The Psalms of David in Metre

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Psalm 39

Here we have, (1.) Violent struggling in the psalmist’s own breast between grace and corruption; between passion and patience, ver. 1-3, 11. (2.) Serious views of human frailty, shortness of life, and self-emptiness, ver. 4-6. (3.) Strong cries to God, for pardon of sin, preservation from reproach, and for removal of trouble; for hearing and answering of prayer, and for lengthening out of life, till further preparation for death should be attained, ver. 7-13.

While I sing, let my soul blush deep, for the untenderness and want of circumspection, in my life, and for my want of resignation to God’s disposing will. Let me be suitably affected with the shortness, vanity, and uncertainty of my temporal life. Let me be always exercised in earnest prayer to, and believing dependence on God, as my companion and friend.

To the chief Musician, even to Jeduthan, A Psalm of David.

1 I said, I will look to my ways,
lest with my tongue I sin:
In sight of wicked men my mouth
with bridle I’ll keep in.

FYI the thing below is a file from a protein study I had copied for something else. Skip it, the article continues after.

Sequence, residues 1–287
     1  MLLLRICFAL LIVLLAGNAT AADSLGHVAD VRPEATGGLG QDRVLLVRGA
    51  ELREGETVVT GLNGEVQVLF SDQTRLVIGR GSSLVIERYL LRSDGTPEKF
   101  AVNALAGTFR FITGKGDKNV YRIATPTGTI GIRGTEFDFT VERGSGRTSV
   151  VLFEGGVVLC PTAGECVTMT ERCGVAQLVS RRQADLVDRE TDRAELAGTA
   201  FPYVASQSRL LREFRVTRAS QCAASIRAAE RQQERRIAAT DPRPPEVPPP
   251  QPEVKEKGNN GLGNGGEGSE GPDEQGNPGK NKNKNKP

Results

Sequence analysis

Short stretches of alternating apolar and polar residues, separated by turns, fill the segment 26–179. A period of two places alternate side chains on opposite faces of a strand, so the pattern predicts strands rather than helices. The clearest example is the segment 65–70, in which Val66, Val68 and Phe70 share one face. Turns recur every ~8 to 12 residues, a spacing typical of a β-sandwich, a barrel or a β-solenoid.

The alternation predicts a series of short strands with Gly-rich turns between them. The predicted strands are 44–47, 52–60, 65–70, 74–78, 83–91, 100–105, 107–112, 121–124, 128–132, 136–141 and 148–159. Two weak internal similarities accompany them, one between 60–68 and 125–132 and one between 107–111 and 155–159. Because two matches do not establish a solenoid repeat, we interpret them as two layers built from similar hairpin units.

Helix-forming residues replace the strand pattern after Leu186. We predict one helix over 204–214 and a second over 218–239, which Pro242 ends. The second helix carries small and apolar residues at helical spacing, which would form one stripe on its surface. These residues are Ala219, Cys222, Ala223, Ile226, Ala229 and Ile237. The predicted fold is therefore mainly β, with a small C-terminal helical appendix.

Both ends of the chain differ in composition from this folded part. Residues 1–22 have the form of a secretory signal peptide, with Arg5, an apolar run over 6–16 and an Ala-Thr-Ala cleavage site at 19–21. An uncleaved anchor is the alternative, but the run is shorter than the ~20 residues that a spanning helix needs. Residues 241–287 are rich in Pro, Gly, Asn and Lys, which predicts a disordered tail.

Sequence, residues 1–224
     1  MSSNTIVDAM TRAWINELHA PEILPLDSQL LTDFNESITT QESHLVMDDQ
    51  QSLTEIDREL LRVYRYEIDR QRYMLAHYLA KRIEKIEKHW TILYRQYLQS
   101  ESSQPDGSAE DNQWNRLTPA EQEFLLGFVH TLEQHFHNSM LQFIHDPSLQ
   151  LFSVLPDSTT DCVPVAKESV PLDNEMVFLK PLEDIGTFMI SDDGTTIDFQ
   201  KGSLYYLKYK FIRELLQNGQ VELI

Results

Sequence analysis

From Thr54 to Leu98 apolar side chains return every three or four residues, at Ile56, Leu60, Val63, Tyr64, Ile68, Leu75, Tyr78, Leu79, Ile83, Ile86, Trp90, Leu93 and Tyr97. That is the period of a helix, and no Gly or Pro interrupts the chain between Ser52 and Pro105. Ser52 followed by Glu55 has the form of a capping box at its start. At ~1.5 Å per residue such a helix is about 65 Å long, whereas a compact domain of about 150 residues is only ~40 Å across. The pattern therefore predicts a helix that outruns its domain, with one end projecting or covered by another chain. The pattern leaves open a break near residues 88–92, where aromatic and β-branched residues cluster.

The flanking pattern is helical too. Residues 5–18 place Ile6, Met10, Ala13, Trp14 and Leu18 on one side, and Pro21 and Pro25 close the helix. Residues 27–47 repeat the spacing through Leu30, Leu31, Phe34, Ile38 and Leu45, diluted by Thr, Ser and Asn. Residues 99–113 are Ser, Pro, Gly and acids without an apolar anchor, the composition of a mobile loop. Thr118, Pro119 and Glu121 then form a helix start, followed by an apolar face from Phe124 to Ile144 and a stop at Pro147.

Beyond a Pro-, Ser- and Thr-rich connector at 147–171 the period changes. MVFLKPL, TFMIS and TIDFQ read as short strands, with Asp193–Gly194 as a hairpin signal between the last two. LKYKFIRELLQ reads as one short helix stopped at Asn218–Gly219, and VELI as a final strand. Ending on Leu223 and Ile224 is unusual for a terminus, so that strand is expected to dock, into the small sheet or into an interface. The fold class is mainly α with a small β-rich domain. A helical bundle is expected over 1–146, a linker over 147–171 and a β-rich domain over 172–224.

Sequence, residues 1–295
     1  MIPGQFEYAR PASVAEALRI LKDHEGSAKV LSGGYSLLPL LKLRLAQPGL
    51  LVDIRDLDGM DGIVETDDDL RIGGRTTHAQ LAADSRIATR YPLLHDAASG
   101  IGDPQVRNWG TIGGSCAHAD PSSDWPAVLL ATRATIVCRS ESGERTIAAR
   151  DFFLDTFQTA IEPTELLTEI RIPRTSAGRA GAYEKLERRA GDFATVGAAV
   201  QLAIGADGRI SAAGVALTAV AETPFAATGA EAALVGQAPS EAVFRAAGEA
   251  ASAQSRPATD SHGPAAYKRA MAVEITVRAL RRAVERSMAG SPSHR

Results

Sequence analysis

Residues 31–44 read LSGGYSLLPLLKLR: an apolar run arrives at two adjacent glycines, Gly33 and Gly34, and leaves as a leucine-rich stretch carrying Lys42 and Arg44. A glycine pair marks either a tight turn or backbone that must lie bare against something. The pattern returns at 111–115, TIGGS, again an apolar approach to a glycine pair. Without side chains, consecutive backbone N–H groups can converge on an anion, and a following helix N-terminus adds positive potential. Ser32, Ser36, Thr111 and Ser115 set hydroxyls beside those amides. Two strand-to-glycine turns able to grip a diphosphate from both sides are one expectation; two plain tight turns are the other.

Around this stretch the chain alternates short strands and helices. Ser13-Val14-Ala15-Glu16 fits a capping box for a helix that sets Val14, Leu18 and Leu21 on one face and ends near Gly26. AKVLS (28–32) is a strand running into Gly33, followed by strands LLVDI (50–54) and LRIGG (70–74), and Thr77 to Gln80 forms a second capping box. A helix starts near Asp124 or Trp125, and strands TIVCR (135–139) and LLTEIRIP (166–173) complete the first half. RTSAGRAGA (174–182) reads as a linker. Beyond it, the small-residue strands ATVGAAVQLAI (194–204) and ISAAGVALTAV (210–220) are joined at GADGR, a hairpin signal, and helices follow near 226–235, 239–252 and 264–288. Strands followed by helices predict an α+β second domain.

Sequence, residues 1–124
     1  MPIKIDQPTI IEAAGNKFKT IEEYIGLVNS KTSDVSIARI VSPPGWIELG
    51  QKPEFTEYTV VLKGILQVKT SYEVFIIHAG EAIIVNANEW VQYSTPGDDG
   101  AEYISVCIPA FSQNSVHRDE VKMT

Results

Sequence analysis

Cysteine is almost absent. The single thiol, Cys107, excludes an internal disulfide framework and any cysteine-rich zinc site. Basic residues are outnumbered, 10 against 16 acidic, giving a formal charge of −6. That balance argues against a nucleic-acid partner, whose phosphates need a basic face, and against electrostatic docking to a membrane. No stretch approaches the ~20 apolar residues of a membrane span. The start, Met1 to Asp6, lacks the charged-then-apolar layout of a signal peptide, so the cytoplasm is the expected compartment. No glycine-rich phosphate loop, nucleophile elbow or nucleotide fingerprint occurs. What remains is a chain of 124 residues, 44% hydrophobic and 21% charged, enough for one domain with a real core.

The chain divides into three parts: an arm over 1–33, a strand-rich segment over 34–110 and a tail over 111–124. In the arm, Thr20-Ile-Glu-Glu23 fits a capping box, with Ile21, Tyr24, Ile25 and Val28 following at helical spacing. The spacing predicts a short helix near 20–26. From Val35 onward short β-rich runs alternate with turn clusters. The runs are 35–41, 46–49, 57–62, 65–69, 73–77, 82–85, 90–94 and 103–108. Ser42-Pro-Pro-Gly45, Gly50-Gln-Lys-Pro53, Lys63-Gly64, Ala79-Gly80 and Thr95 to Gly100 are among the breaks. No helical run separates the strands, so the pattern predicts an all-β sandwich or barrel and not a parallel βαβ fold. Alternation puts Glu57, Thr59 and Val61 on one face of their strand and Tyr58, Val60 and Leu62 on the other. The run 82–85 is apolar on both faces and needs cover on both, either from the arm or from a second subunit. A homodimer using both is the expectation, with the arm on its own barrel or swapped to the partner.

2 With silence I as dumb became,
I did myself restrain
From speaking good; but then the more
increased was my pain.

3 My heart within me waxed hot;
and, while I musing was,
The fire did burn; and from my tongue
these words I did let pass:

4 Mine end, and measure of my days,
O Lord, unto me show
What is the same; that I thereby
my frailty well may know.

5 Lo, thou my days an handbreadth mad’st;
mine age is in thine eye
As nothing: sure each man at best
is wholly vanity.

6 Sure each man walks in a vain show;
they vex themselves in vain:
He heaps up wealth, and doth not know
to whom it shall pertain.

7 And now, O Lord, what wait I for?
my hope is fix’d on thee.
8 Free me from all my trespasses,
the fool’s scorn make not me.

9 Dumb was I, op’ning not my mouth,
because this work was thine.
10 Thy stroke take from me; by the blow
of thine hand I do pine.

11 When with rebukes thou dost correct
man for iniquity,
Thou wastes his beauty like a moth:
sure each man’s vanity.

12 Attend my cry, Lord, at my tears
and pray’rs not silent be:
I sojourn as my fathers all,
and stranger am with thee.

13 O spare thou me, that I my strength
recover may again,
Before from hence I do depart,
and here no more remain.